Mr. Brooks (2007 Film)

Mr. Earl Brooks is a wealthy, intelligent, well-respected family man who is addicted to killing strangers. He craves the almost sexual rush he feels from committing acts of murder. Although he is usually meticulous in post-I-just-shot-people-dead-in-their-homes-and-need-to-clean-up-the-blood-stains maintenance, one fateful night, the experienced executioner is surprised to realize that his victims’ curtains were open.

The character’s disposition and hobby force viewers to question: what if a killer lives amongst us? What if the monster is indistinct and unrecognizable from the other members of society?

The fear we receive is rooted in the knowledge of this possibility: the monster need not have fangs or an elongated green face with warts, or even a mummified, ghostly appearance. Because of this knowledge, and because of the use of at least three other conventions, this movie is a suitable example of the horror genre.

So, yes, I wrote this because the trends in horror films are interesting and because I’m too terrified to watch something like The Exorcist.

 

Horror films are focused on the visual image of the repressed. To ignore feelings of fear, anger, sadness or violation, these troubled emotions eventually return with a vengeance. Mr. Brooks has an alter-ego, a repressed figment of his imagination named Marshall, whom only he can see. Marshall urges, perhaps even justifies, Mr. Brooks’ homicidal impulses and asks, “Why do you fight it so hard?”. He explains that it is natural for Mr. Brooks to be the killer he is, for the true terror is that identity is permeable and changeable.

Identity is the stabilization of subjectivity, yet as a result of modernity, there is an uneasy stabilization. The concept of personality, then, relies on the ability to control the otherwise random energy of a modern world. Each person is dealt experiential cards upon which to construct his personality under crisis. Therefore, if Brooks does not kill when the experience arises, how will he forge his identity? How will he know who he really is?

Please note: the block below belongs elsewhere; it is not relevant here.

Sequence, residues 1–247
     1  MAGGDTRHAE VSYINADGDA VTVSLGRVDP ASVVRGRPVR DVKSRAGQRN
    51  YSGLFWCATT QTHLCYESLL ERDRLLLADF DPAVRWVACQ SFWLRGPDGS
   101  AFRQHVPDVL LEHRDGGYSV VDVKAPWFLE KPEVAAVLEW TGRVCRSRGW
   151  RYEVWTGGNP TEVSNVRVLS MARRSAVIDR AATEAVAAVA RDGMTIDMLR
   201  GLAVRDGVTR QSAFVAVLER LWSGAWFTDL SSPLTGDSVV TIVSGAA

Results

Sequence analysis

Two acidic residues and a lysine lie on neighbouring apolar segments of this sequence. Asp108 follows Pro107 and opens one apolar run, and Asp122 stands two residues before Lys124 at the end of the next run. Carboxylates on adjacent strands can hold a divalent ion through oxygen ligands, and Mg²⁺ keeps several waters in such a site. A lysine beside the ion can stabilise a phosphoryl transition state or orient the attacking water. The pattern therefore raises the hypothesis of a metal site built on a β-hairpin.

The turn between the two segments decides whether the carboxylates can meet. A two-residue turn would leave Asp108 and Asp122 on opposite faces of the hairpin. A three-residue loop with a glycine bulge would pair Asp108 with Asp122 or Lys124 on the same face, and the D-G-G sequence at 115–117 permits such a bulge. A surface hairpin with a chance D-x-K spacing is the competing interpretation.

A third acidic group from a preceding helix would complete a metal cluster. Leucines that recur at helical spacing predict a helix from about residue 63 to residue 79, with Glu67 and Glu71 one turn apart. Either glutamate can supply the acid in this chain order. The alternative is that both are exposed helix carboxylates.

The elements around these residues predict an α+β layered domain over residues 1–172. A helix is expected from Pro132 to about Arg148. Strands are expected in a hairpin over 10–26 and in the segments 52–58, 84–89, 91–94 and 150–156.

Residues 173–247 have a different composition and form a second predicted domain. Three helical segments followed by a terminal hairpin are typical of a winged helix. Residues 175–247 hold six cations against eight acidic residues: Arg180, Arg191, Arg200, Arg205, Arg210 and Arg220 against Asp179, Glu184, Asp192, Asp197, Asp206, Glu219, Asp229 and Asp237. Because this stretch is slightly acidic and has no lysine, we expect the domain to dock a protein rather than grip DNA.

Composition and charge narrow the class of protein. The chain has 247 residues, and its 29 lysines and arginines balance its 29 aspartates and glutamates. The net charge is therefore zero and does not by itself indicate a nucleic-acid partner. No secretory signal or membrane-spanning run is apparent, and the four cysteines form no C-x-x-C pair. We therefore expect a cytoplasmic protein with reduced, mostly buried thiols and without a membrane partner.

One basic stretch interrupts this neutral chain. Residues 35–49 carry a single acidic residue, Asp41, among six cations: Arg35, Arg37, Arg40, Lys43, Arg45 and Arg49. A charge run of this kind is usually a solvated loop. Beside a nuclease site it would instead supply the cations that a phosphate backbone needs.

Mr. Brooks does, however, seem to be a man who has properly adjusted to the heightened demands of modernity. In a modern world, there is an increase in the work that is necessary for the enjoyment of what was once easier—real estate, education, interest rates—everything is more. Although Mr. Brooks is a successful businessman, who can afford life’s luxuries and theoretically get relief from modernity, he still has the impulse to kill. He has the money, which should make him feel better about himself and has the ability to consume that which will define him in terms of his objects, but he is not satiated without murder. When you are not satisfied, modernity instructs that one must simply try harder. So, what are the implications of this when one is already well accomplished? Mr. Brooks believes in the myths—that things are progressing toward a time in which he will be satisfied; he diligently works to be the revered society man, but he can never truly be satisfied and will always want more. This is precisely why he kills.

The problem with this analysis alone is the suggestion that his daughter may have acquired his “sickness”. It is alternatively possible that the impulse to murder is genetic, rather than an overlying consequence of modernity? At the end of the movie, Brooks attempts to free himself from the need to kill, but that irrepressible need is re-inscribed and reinforced in his daughter.

It is arguably not a likened DNA which leads the daughter to kill, but perhaps it is her want to compensate for her feelings of substitutability and anonymity. She is disillusioned with the idea that the wheels of modernity make it so that each person has a more difficult time entering the workplace and engaging in the economy in an efficient manner. It would be a much harder task for her to thrive in the same way as the previous generation and mimic the success of her father. The true monster, then, is the degree to which we no longer have control over our economy.

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